With twigs and leaves stuck to her torn clothes and bruises covering her body, Autumn Veatch held a phone in her burnt hands and told the 911 dispatcher she was the lone survivor of a fiery plane crash two days earlier.
“I was riding from Kalispell, Montana, to Bellingham, Washington, and ... I don’t know where, but we crashed and I was the only one that made it out,” the 16-year-old told the dispatcher Monday, July 13.
The small plane was expected to land at the Lynden Airport at 4 p.m. Saturday, July 11. Veatch, of Bellingham, was on the plane with her step-grandparents: Leland Bowman, 62, and his wife Sharon, 63, both from Marion, Montana. Leland was the pilot of the 1949 Beech A35 aircraft.
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The plane crossed into Washington around 2:21 p.m. Saturday and dropped off radar near Omak at 3:21 p.m. The last signal from a cellphone on the plane was detected near Omak at 3:49 p.m., according to the Department of Transportation.
The plane ran into bad weather. Veatch later told her father, David Veatch, that it was “flying through the clouds and they crashed into the side of the mountain.”
She couldn’t help her family members out of the plane, which caught fire, so she stayed near the crash site for about a day and waited for rescuers, David Veatch said.
Aerial crews searched the area Sunday and Monday, focusing on an area near Rainy Pass, Lost River Resort Airport and the town of Mazama. Sometime during the search, however, Autumn decided she would follow a stream to the nearest trail. She followed it to Highway 20, where a driver found her and brought her 30 miles to Mazama Store, the first stop on the way down from Washington Pass.
She arrived to the store Monday afternoon visibly dazed, with scrapes on her face and burns on her hands, said Mazama Store manager Serena Lockwood. She didn’t say much but was able to give the 911 operator her name and some details about her injuries. She said she was “the only one that survived” the crash.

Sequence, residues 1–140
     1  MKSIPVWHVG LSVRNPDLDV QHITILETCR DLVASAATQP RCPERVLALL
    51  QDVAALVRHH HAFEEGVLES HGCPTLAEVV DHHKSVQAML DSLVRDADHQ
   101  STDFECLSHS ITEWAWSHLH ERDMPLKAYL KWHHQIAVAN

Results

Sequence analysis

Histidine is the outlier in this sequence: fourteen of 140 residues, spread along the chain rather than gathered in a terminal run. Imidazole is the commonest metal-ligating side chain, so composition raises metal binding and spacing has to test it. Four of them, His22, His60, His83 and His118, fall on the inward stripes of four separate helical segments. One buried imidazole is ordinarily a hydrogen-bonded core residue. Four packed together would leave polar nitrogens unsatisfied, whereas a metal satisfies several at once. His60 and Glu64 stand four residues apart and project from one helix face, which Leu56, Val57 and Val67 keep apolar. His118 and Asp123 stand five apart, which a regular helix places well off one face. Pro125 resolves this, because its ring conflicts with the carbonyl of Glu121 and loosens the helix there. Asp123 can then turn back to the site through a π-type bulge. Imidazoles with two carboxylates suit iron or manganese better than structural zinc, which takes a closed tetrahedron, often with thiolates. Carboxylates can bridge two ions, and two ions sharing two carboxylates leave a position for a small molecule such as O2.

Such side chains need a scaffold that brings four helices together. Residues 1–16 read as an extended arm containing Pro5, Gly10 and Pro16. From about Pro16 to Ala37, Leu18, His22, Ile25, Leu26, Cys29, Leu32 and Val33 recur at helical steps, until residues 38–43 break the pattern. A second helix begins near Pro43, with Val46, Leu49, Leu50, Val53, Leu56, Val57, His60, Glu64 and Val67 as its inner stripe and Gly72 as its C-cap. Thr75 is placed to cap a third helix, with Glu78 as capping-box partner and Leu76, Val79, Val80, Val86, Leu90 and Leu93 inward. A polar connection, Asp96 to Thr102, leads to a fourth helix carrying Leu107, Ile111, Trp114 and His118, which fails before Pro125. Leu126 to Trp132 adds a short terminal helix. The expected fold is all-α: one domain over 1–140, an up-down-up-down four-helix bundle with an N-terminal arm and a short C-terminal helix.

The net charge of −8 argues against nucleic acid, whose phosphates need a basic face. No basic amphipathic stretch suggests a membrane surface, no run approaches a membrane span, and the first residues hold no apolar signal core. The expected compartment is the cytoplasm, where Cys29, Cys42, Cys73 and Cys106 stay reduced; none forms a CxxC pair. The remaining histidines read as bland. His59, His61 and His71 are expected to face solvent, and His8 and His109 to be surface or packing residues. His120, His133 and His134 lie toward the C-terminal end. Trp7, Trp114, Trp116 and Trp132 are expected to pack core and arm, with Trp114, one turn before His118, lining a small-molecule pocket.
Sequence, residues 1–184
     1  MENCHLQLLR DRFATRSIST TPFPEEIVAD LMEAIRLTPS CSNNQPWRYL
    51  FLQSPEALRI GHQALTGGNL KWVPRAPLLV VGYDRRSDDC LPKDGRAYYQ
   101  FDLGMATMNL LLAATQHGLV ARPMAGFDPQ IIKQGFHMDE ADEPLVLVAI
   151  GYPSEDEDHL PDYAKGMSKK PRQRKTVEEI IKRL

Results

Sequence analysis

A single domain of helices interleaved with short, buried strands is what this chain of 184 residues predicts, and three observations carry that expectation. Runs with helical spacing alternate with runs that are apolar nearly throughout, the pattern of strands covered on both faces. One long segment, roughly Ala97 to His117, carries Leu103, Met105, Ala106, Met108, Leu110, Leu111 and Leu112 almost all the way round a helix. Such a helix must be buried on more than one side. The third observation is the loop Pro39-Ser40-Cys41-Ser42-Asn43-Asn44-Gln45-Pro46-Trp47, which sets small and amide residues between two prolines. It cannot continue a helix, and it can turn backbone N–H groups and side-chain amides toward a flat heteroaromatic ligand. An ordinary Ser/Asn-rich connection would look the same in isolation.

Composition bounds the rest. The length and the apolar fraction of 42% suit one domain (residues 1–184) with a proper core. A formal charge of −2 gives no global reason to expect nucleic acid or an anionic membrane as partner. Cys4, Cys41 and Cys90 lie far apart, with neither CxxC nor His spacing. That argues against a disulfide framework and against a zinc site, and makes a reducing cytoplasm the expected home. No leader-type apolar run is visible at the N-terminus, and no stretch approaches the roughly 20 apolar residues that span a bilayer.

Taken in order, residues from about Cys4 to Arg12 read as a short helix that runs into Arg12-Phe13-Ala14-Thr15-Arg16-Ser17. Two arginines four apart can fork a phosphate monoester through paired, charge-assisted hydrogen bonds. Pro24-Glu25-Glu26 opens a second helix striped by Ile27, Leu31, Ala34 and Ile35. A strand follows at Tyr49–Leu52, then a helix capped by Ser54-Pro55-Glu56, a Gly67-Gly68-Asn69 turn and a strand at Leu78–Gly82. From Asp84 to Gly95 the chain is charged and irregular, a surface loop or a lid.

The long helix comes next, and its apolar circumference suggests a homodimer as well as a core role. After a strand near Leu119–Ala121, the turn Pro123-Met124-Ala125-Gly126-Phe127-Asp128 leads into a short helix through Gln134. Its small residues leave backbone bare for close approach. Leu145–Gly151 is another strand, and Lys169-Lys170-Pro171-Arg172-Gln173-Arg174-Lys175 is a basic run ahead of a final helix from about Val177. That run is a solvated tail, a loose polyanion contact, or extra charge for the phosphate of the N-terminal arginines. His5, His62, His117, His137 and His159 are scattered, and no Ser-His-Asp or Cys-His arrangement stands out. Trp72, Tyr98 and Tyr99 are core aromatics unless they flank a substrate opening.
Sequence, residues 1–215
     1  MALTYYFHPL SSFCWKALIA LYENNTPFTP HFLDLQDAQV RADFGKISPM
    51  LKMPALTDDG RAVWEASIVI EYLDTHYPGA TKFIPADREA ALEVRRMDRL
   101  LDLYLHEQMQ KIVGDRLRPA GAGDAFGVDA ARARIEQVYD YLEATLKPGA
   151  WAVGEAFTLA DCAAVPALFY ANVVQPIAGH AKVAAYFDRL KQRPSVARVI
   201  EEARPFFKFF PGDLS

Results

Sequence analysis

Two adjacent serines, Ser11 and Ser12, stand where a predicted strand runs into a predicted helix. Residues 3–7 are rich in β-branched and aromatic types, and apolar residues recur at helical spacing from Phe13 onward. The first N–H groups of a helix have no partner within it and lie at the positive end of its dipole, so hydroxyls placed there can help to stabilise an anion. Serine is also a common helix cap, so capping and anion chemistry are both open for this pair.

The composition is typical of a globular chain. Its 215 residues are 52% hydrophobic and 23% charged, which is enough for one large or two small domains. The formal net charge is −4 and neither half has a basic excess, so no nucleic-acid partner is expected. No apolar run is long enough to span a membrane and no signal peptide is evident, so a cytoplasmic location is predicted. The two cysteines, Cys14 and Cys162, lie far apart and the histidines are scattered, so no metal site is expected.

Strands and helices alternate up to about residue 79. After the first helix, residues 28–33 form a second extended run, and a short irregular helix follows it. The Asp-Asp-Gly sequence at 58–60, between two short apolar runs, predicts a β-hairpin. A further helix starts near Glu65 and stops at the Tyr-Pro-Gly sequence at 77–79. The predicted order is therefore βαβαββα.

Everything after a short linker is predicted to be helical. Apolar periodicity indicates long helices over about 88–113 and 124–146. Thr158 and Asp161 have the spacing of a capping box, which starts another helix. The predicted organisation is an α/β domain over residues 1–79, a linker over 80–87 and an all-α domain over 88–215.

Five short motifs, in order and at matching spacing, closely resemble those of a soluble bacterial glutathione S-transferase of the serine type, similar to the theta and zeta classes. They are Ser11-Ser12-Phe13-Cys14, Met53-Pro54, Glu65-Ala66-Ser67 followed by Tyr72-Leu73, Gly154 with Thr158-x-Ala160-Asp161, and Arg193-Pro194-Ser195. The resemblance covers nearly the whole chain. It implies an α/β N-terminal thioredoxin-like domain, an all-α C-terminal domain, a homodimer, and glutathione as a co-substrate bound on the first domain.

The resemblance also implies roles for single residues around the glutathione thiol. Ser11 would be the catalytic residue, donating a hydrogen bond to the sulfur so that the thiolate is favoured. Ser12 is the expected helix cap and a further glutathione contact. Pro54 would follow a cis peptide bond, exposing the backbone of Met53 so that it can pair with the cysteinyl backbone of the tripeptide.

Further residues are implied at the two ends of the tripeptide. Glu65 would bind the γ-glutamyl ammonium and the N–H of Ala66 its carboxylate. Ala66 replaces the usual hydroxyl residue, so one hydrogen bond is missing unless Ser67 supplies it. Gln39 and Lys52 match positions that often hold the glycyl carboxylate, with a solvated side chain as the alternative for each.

Paramedics came within minutes and took Autumn to Three Rivers Hospital in Brewster where she was being treated for dehydration Tuesday, July 14, according to family friend Chelsey Clark. One of the first things Autumn asked medical staff, Clark said, was if they could bring her a meal from McDonald’s.
Clark and her girlfriend, Sarah Esperance, spoke to media on Autumn’s behalf outside the Brewster hospital Tuesday. One reporter asked what Autumn’s survival story said about her character.
“If nothing else,” Esperance said, “this girl has a strong, strong will.”
Autumn is still in some pain, Clark said. She was released from the hospital Tuesday evening and was being driven back to Bellingham.
Dr. James Wallace, of Three Rivers Hospital, said on severe dehydration had been Autumn’s main medical concern over the past 48 hours. She had no drinking water when she left the plane, though she did drink from natural sources in the wilderness.
“She got to the road exactly when she needed to get to the road,” Wallace said. “She needed medical care for sure, it's hard to say how much longer someone could have been out there.”
She’d also suffered bruising and cuts in the crash, and burns from trying to rescue her step-grandparents from the wreckage.
A U.S. Navy helicopter crew, a Snohomish County Sheriff’s Office helicopter and volunteer airplanes continued to search for the plane and the bodies of Autumn’s step-grandparents Tuesday in rugged, mountainous terrain in the North Cascades.
Crews were focusing on the area near the Easy Pass trail near Mazama in the Methow Valley, based on the route Autumn said she took from the plane.
Reach Wilson Criscione at 360-756-2803 or email@example.com.
Help the crash survivor
Family friends have set up a gofundme.com page for Autumn Veatch, who lost her clothes, cellphone, electronics, art supplies and other personal belongings in the plane crash.